Social Media ROI – Part 4

Ok, so it has been a while since last blog posting – 8 months to be exact.  Ouch!

During this time a few things have changed in the Social Media ROI world.  The most important thing – and the very best – is that the discussion whether we “should or should not measure Social Media ROI” have changed to “how do we measure Social Media ROI?”

The difficult part of measuring the Social Media ROI has been to define the return.  Some people aruge that the return should be return on engagement or return on innovation however that does not make the return useful in a ROI calculation.  Many blog postings use application or web analytics to calculate the Social Media ROI but again those numbers are not useful in the ROI calculation.  The idea is that you need to ensure that the value of the return is in dollars and cents otherwise, very simply, you cannot calculate the Social Media ROI.

The return on Social Media ROI is actually an aggregate of many return channels. For instance, a return channel can be the value of a consumer insight.  We know that insights are good – insights are used by the company to enhance its products and services – so therefore an insight has an intrinsic value (when we put a dollar value on a return channel, we say that we normalize the return channel into dollars and cents).  If your social media campaign generates insights, then your social media campaign generates value and that value is your return channel for insights.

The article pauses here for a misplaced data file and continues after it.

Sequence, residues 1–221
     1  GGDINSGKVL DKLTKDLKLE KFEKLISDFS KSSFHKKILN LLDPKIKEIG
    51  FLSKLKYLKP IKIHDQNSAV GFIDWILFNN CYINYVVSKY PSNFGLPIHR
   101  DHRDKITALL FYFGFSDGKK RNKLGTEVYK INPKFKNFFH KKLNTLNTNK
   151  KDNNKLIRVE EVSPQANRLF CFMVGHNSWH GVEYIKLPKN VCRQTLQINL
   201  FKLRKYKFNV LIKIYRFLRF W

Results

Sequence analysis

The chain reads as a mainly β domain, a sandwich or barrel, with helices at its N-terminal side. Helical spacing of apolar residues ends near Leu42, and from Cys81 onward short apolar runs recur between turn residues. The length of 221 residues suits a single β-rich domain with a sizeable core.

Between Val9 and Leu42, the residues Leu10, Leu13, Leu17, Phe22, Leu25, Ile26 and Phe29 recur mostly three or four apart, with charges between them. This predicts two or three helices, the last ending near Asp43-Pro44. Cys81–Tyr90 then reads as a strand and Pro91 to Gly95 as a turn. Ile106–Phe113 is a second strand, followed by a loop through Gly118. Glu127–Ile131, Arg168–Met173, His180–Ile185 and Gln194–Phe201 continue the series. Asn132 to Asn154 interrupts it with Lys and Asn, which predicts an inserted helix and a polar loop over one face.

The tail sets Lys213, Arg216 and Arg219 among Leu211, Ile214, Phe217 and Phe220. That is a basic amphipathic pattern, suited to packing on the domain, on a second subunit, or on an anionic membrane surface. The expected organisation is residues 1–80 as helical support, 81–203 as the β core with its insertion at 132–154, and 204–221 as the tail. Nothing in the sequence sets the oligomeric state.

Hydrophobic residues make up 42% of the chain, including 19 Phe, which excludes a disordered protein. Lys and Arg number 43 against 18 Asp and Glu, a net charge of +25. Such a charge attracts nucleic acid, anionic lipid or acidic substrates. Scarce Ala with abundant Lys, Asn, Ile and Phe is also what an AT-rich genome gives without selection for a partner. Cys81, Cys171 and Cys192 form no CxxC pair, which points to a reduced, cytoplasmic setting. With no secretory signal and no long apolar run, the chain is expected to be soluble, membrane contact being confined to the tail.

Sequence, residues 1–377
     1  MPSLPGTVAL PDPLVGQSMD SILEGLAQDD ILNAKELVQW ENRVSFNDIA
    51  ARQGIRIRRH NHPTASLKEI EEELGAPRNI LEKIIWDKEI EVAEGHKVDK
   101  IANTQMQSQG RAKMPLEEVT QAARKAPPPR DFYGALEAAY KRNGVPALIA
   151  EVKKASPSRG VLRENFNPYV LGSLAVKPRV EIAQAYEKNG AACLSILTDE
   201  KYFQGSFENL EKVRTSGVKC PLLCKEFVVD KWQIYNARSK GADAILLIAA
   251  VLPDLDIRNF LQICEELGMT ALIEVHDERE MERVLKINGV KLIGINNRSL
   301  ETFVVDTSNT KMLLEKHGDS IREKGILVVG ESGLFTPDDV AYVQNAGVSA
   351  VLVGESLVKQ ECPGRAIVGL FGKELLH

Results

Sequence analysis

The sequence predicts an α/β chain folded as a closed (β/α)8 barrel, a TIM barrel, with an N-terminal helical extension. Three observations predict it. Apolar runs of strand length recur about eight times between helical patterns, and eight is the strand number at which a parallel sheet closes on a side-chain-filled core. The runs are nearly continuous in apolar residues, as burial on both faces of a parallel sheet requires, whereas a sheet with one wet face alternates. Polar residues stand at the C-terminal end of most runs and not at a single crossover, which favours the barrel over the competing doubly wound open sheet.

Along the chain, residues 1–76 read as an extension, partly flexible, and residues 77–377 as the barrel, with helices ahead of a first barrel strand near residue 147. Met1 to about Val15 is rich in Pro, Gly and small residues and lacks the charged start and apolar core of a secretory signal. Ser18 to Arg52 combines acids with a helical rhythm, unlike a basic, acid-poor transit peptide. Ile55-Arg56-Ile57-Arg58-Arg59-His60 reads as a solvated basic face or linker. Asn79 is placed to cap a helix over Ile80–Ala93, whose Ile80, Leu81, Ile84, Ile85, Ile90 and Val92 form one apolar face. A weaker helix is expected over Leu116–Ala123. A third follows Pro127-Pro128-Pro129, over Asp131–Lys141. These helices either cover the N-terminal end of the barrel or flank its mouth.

Another return channel is trade media mentions.  If your social media campaign is good enough to be written up by the trade media, then that write-up is marketing value and that value is a return.

By combining the returns of all return channels, you get the total return of the campaign.  Now, to calculate the ROI, you also need investment.  The investment should be easy – it is just the cost of the technology and the cost of the campaign.

The ROI formula is simply ROI = (return – cost)/cost% = your return on investment.

Nevertheless, without each return being normalized into to dollars and cents, the ROI calculation becomes meaningless.

Bottom line is that for each return channel, you first need to define the return channel and then you need to put a dollar value on return channel.  It’s tough but doable.

Now, once this has been done, you get to the fun part which is to play with the numbers.

As mentioned in the previous post, Social Media ROI – Part 3, we have created a Social Media ROI Calculator, in Excel format, that handles the work for you.  The image shows the full version’s dashboard.  Download the lite version of the Social Media ROI Calculator.

So the trick is to normalize return channels into dollars and cents. This is HUGE because from the normalized return channels, you can a) compare each return channel and if required, shift the social media campaign strategy in mid-stream from what doesn’t work to what works, and b) forecast the total campaign return and calculate the social media return on investment (ROI).

Normalized return channels benefits you: